151 F3d 765 Horstmyer v. Black & Decker Inc
151 F.3d 765
41 Fed.R.Serv.3d 579
Harry E. HORSTMYER; Eveline M. Horstmyer, Appellants,
BLACK & DECKER, (U.S.), INC., Appellee.
United States Court of Appeals,
Submitted Jan. 22, 1998.
Decided July 27, 1998.
Randall A. Bauman, St. Louis, MO, argued (Martin M. Bauman, on the brief), for appellants.
Daniel T. Rabbitt, St. Louis, MO, argued (William S. Thomas and Daniel Lanier, on the brief), for appellee.
McMILLIAN, Circuit Judge.
Appellants Harry and Eveline Horstmyer, husband and wife, appeal from a final order entered in the United States District Court3 for the Eastern District of Missouri upon a jury verdict for appellee Black & Decker (U.S.), Inc. (Black & Decker), on their tort claims. See Horstmyer v. Black & Decker (U.S.), Inc., No. 4:96CV649 CDP (E.D.Mo. Aug. 20, 1997) (slip op.). For reversal, appellants contend that the district court (1) abused its discretion in using a Special Verdict Form that confused the jury and does not comply with Missouri law; (2) abused its discretion in giving a curative instruction that confused the jury; and (3) erred in dismissing their negligent recall claim. The district court had diversity jurisdiction over appellants' action under 28 U.S.C. § 1332. We have jurisdiction over the appeal under 28 U.S.C. § 1291. For the reasons discussed herein, we affirm the order of the district court.
Appellants brought this products liability suit against Black & Decker for serious, permanent, and painful injuries sustained by Harry Horstmyer on April 14, 1995, when his right hand came into contact with the spinning blade of his Black & Decker Model 1703, Type 1 miter saw during home use. As a result of his injuries, Harry incurred medical expenses totaling approximately $65,000.
The Model 1703, Type 1 miter saw is manufactured, marketed, and sold by Black & Decker. Harry's miter saw had a manual brake and a lower plastic blade guard that is activated solely by gravity. In August 1988 Black & Decker had recalled several miter saws, including the Model 1703, Type I miter saw like Harry's, because the lower blade guard had a tendency to "hang up"; that is, the lower blade guard would stick and leave the lower blade unguarded. For reasons that are disputed on appeal, the miter saw that Harry was using at the time of his injury was not recalled.4
In their complaint, appellants asserted claims for strict liability product defect, strict liability failure to warn, negligent design, breach of implied warranty, negligent recall, and failure to comply with the Consumer Product Safety Act, 15 U.S.C. § 2051 et seq. (1972) (CPSA). In addition, Eveline Horstmyer filed a derivative claim for loss of consortium. Appellants voluntarily dismissed the CPSA counts prior to trial. By order of May 20, 1997, the district court granted Black & Decker's motion to dismiss appellants' negligent recall claim for failure to state a claim for which relief may be granted. Appellants ultimately submitted the following claims to a jury following a five-day trial: strict liability product defect, negligent design of the blade guard, and negligent failure to install an automatic brake.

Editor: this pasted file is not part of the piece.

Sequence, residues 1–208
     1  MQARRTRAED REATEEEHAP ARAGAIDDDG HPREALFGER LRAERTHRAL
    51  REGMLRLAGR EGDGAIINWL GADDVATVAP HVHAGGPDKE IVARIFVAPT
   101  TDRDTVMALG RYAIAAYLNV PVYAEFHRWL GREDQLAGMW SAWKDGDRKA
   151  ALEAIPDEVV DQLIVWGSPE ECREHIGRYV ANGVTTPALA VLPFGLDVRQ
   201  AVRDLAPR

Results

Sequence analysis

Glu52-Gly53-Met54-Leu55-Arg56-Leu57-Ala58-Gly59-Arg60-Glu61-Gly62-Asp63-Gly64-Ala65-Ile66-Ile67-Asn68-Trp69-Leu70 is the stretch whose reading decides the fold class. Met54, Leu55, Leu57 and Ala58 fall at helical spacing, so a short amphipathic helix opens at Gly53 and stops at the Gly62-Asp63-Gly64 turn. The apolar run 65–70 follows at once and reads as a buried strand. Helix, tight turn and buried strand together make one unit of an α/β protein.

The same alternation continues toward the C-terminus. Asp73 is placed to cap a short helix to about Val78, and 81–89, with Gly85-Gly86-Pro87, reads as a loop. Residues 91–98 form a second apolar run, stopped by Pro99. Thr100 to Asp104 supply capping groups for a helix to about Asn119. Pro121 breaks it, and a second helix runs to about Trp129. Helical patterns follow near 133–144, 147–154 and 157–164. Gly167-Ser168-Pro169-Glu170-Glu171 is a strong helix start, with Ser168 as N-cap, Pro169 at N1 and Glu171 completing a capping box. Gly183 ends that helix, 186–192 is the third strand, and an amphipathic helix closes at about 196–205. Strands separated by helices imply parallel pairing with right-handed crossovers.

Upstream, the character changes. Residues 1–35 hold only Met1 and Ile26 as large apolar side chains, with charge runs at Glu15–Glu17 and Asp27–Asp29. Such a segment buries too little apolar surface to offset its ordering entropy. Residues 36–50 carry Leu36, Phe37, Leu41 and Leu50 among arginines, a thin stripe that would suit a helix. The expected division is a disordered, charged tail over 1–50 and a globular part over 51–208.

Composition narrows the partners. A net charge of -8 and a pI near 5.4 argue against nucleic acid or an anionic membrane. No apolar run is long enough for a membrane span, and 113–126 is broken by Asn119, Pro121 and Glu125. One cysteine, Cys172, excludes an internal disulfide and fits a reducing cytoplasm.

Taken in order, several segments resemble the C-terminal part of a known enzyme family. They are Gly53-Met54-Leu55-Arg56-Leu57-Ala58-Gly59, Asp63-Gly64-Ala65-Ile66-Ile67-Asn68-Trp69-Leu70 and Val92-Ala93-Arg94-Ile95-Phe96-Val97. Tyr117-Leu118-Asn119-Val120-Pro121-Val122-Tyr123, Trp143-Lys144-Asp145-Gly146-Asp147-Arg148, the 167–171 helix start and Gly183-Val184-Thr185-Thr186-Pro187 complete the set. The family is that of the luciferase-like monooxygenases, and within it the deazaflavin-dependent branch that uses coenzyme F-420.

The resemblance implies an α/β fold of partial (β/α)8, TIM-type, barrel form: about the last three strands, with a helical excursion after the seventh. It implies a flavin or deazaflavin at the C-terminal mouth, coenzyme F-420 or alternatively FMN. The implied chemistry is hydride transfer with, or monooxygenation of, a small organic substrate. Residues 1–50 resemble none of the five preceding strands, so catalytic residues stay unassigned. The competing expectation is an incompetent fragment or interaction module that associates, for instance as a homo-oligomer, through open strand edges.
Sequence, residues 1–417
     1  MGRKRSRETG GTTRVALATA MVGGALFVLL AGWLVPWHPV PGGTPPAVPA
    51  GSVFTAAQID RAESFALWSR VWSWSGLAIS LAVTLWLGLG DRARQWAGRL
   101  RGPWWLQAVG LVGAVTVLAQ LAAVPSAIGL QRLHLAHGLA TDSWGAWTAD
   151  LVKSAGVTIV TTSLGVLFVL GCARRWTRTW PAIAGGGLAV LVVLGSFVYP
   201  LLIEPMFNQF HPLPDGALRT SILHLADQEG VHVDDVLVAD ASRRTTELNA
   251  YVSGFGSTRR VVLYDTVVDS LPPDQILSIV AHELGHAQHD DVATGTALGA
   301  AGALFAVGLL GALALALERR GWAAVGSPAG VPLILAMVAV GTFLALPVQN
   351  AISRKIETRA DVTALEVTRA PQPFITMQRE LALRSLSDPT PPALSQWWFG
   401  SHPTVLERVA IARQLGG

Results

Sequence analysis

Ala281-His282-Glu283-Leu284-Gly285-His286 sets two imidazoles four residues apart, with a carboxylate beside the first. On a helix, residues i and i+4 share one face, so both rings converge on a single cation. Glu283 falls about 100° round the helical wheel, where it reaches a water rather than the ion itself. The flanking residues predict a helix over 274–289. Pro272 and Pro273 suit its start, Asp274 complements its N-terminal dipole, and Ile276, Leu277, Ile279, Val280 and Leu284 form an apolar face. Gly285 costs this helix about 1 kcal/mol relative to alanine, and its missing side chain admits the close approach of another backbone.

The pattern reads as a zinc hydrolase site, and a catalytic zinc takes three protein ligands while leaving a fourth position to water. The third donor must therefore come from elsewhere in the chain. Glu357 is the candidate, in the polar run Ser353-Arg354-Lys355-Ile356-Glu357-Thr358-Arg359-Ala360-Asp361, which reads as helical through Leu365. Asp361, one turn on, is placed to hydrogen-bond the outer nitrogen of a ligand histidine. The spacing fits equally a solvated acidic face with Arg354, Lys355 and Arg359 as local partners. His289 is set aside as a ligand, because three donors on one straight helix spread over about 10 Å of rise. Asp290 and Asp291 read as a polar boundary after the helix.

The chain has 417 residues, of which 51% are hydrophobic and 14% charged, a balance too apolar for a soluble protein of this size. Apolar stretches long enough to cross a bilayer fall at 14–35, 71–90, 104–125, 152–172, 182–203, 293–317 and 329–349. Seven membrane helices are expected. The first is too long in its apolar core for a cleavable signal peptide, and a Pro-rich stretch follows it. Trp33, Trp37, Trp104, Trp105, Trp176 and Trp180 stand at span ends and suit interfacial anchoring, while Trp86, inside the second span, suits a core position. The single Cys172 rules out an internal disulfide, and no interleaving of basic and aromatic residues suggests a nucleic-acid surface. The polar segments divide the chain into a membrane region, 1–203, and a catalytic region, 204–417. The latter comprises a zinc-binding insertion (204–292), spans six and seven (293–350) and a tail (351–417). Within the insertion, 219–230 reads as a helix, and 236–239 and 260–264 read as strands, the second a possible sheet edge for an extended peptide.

In reaching their verdict, the jury was asked to complete a Special Verdict Form. Black & Decker proffered the form at an informal jury instruction conference on June 12, 1997. Pursuant to the Case Management Scheduling Order entered by the district court, the parties were required to submit all proposed jury instructions no later than twenty (20) days prior to trial, which commenced on June 9, 1997. The district court declined to give Black & Decker's proposed Special Verdict Form, on the ground that it was "entirely confusing." Transcript of Instruction Conference (Transcript) at 9. The district court informed the parties that instead it would revise the verdict form and adjourn the jury instruction conference until the following day, at which time the parties could review the revised form and make a record. Id. at 35.
The following morning, the parties reviewed the minor changes that the district court had made to the Special Verdict Form and each party proposed additional changes which the district court incorporated. Appellants' counsel stated on the record that Black & Decker's incorporated changes were "more confusing than the verdict form that the Court ha[d] worked out tha[t] was originally submitted by the plaintiff, but then refined quite a bit." Id. at 46. However, neither party objected to the district court's giving the revised Special Verdict Form; nor did either party make any specific objections to its content.
Later, during deliberations, the jury submitted a note to the district court expressing confusion as to whether it was necessary to find against Black & Decker on all the elements presented in the first two questions of the Special Verdict Form, in order to find for appellants. The jury's note reads as follows:
We all seem to be somewhat confused by the wording of the first two questions because of the two part aspect of each question and possible conflict in answers between the two parts of the sentences.
Could we get a clarification on how to come to a decision on these questions.
Appellants' Initial Appendix at 95.